PSA: Akin to the theme reviews series I started yesterday, I’ve decided to add lost reviews as well. These are the books that I’ve read, but haven’t reviewed because at the time I couldn’t put my opinions into words. Some of these books were read over a year ago and now that I have time to reflect back, my opinions are more firm. These reviews will be much shorter than my average reviews.
Here is a house of ruin and rage, of death and deliverance.
Here is where I live, not living.
Here is always mine.
When Connor’s family moves to Amity, a secluded house on the peaceful banks of New England’s Concord River, his nights are plagued with gore-filled dreams of demons. destruction, and revenge. Dreams he kind of likes. Dreams he could make real, with Amity’s help.
Ten years later, Gwen’s family moves to Amity for a fresh start. Instead, she’s haunted by lurid visions, disturbing voices, and questions about her own sanity. But with her history, who would ever believe her? And what could be done if they did?
Because Amity isn’t just a house. She is a living force, bent on manipulating her inhabitants to her twisted will. She will use Connor and Gwen to bring about a violent end as she’s done before. As she’ll do again. And again. And again.
Inspired by a true-crime story, Amity spans generations to weave an overlapping, interconnected tale of terror, insanity, danger, and death.
***I received this book as a gift in exchange for an honest review via NetGalley & EgmontUSA
Amity is bone chilling, nail-biting, creepy as sin. There’s so much that will leave you reeling and breathless, uncertain of what’s going on only to hit you with something so horrific, you’ll wish you didn’t know.
The house itself is terrifying. It has a life of it’s own that is both poetic and so disturbing. It’s alive and breathing. You feel it watching, almost as if it can leap from the pages. If you’ve read The Dead House by Dawn Kurtagich, you’ll know what I mean.
There are two stories that alternate. One 10 years in the past and one in the present. One male, one female. Both perspectives are strong. Gwen and Conner are worlds apart and yet living the same fate. They’re forced to question everything and doubt their own minds. You may doubt yours too. Sometimes the flips between POVs are trippy and confusing and throw you off. Other times, they’re eerie and oh so dark.
The pacing is moderate to slow. Some sections lag quite a bit despite the creep factor.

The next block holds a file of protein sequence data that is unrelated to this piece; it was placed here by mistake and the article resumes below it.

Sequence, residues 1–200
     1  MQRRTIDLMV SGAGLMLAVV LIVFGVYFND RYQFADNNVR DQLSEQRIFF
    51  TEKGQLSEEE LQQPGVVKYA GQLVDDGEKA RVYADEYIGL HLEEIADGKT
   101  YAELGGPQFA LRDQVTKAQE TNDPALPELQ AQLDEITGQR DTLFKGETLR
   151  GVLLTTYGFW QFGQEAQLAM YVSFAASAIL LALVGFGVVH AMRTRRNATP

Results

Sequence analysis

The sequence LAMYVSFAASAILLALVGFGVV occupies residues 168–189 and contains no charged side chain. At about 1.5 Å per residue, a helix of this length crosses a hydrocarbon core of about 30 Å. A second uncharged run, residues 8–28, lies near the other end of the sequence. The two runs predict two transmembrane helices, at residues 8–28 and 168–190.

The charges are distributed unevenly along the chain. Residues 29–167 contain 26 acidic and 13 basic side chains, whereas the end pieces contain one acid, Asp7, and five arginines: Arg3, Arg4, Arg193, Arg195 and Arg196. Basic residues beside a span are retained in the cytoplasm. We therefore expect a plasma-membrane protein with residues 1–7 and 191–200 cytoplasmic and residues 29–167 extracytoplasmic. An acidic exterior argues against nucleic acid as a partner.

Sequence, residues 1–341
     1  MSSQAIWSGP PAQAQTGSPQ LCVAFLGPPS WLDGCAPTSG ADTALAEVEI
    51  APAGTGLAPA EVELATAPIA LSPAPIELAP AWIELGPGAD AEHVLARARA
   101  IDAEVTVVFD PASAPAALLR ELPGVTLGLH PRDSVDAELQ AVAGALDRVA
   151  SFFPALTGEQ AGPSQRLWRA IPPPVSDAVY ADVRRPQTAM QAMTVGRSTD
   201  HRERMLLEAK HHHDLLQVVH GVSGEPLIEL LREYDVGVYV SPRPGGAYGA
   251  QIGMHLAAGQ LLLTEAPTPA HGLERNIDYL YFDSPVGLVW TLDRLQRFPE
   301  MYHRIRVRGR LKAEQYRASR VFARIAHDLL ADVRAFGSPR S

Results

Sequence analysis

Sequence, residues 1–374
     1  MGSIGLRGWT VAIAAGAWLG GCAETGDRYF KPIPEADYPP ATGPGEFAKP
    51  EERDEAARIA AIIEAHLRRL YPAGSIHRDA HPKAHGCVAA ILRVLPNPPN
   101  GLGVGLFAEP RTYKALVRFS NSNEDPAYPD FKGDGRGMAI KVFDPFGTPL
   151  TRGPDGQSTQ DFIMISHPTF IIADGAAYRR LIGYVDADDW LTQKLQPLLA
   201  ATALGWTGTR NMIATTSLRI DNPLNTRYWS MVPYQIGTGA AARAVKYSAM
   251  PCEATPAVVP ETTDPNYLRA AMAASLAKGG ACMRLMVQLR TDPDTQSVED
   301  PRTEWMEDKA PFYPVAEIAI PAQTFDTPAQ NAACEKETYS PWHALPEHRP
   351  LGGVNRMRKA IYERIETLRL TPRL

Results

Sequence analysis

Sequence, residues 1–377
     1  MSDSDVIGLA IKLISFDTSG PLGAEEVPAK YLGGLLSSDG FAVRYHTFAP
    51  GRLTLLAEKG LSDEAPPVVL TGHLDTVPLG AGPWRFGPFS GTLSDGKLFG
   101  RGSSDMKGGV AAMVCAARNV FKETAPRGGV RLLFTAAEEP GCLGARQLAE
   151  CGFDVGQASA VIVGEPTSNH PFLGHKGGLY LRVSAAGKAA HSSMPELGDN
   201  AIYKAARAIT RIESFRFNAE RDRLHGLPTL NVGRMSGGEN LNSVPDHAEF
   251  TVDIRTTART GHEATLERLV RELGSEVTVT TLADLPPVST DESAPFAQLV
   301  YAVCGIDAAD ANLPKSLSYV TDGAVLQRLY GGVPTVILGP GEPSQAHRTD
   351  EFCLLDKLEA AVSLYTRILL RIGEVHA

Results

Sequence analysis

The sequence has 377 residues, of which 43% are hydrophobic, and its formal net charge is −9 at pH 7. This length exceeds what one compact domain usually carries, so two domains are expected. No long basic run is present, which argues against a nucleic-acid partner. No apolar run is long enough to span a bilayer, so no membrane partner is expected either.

I could have taken or left Conner. He couldn’t keep me invested. Gwen and Conner both talk to the reader, almost in a diary form. Even with that format, it wasn’t powerful enough.
If you’re looking for a spooky Halloween read aloud, check this out.
Thai martial arts, international crime, celebrity and mythical creatures combine in this masterful new tale of two people facing incredible dangers, from award-winning author Tricia Sullivan.
Nothing she’s faced in the cage will prepare her…
Jade is a young mixed martial arts fighter. When she’s in the cage she dominates her opponents—but in real life she’s out of control.
After she has a confrontation with a Hollywood martial arts star that threatens her gym’s reputation, Jade’s coach sends her to a training camp in Thailand for an attitude adjustment. Hoping to discover herself, she instead uncovers a shocking conspiracy. In a world just beyond our own, a man is stealing the souls of children to try and live forever.
***I received this book as a gift in exchange for an honest review via NetGalley & Ravenstone
Shadowboxer is one of those books that had so much potential and had the two main story arcs been separate books and then later intertwined, it probably would have worked better. Instead, these two stories don’t line up like they should. It feels like two separate books. When the stories come together, it feels contrived, forced, and messy.
That being said, I liked the stories as separate entities. Give me a badass female character who speaks her mind, knows how to throw a punch, and doesn’t let anyone push her around. Jade is loud, bossy, take charge, and ready to jump in any fight for what she believes in. Jade has worked so hard to get where she is and strives for excellence in her martial arts. She’s abrasive, rude, crass, wholly herself, and doesn’t apologize for who she is and that makes her someone you can respect, even if you don’t like her. Despite these awesome qualities and the story that goes with them, I didn’t particularly like Jade. Sure she’s overcome a lot, she works for everything, and has super big dreams, but the girl is catty and rude and a mess. She doesn’t even shell out the respect she gets.
The pacing is abysmal. Jade has a strong voice and stuff happens but it’s so slow and takes ages to get to the second story arc where they merge together. You’ll wonder as chapters alternate what exactly is going on and why it matters. Not knowing in some ways pushes you to read more and in others makes you forget everything as you struggle to piece it together.
The second story arc in Thailand is excellent. The scenery is diverse and rich and colorful and there’s so much life in those pages. You’ll feel like you’re transported. It’s not always pretty, but it’s real and raw and sucks you in.
The soul stealing. When I read this book, I didn’t bother with the blurb-I almost never do-and so I read those sections without knowing what was happening and it kind of added to the mystery. There’s this cool shadow realm that full of Thai lore and spirituality. It’s fascinating and engaging. You’ll want that poor little girl to escape her fate.
Overall, Shadowboxer was interesting but easy to put down and forget about. It was complicated, packed with info, and voice, but dragged too much to keep attention.
If you like any of the following, you’ll enjoy this: